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Plotly is a charting framework for Python and other programming languages.  What makes Plotly different is that it supports JavaScript, so it will respond to mouse events.  For example, you can make annotation boxes pop up when someone moves the cursor over the chart.

Plotly does not natively handle Python Pandas DataFrames. To make Plotly work with these, you’ll need to convert those to dictionaries first or use plugins.

A large collection of charts is available in this public repository and grouped into these categories:

Note: Plotly is free, and they offer paid versions including the Chart Studio platform where they say you can create charts without programming. That’s slightly misleading, as you would still need to write code to transform the data, but you can try that for yourself.

Plotly Python example with code and data

Here we give an example of how to draw the simplest of Plotly charts and what you need to get started with using it with Python. The code is available here and the data here.

First, you need to use Zeppelin or Jupyter notebook for a graphical environment in which you can both draw charts and display graphics.

Then, add Plotly to Python like this.

pip install plotly==4.2.1

The code, explained

Before we get into the code, a couple notes:

  • In addition to drawing the chart inline, you can save it as an HTML file. Look at that file and notice that it has both a graphic image and JavaScript to make it interactive.
  • There might be some delay in generating the chart or it might not generate at all. We tested this code with Safari and Chrome browsers. If you search online, you’ll get conflicting instructions on how to display graphs in different graphical environments. If you’re still having problems generating a chart, get in touch with us at blogs@bmc.com, include your OS and browser details, and we’ll take a look.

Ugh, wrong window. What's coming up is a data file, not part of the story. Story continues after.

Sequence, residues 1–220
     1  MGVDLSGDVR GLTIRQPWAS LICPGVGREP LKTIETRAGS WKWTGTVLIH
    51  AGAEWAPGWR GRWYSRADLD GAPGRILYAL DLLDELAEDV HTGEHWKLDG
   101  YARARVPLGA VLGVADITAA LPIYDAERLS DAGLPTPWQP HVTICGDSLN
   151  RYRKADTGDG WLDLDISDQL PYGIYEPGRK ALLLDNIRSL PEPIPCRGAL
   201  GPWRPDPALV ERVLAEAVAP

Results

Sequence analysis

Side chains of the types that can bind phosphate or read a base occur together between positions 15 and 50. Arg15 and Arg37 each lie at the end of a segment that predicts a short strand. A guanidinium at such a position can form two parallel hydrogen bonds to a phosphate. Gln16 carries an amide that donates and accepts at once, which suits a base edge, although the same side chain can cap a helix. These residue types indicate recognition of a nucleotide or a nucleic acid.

Now for the complete code. The data we use is diet information over an 8-day period. The first part looks like this:

Next, we import a CSV file, then plot x and y, where x is the date and y is a chosen column:

x=daily.index.values,y=daily['Carbohydrates (g)'])

Date was originally a column but since we grouped and summed the data by date…

daily = df.groupby('Date').sum()

…it became the dataframe index, so we use daily.index.values to get the values.

This is a simple bar chart (go.Bar) with x and y values.

from plotly.offline import plot

import pandas as pd

df = pd.read_csv("/home/ubuntu/Downloads/diet.csv")

daily = df.groupby('Date').sum()


import plotly.graph_objects as go
fig = go.Figure(
    data=[go.Bar(x=daily.index.values,y=daily['Carbohydrates (g)'])],
    layout_title_text="A Figure Displayed with fig.show()"
)
fig.show()

Finally, here is the resulting chart.  Hover your cursor over a point to see the point’s value. That’s JavaScript doing the work for you.

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Last updated: 11/21/2019

These postings are my own and do not necessarily represent BMC's position, strategies, or opinion.

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About the author

Walker Rowe

Walker Rowe

Walker Rowe is a freelance tech writer and programmer. He specializes in big data, analytics, and programming languages. Find him on LinkedIn or Upwork.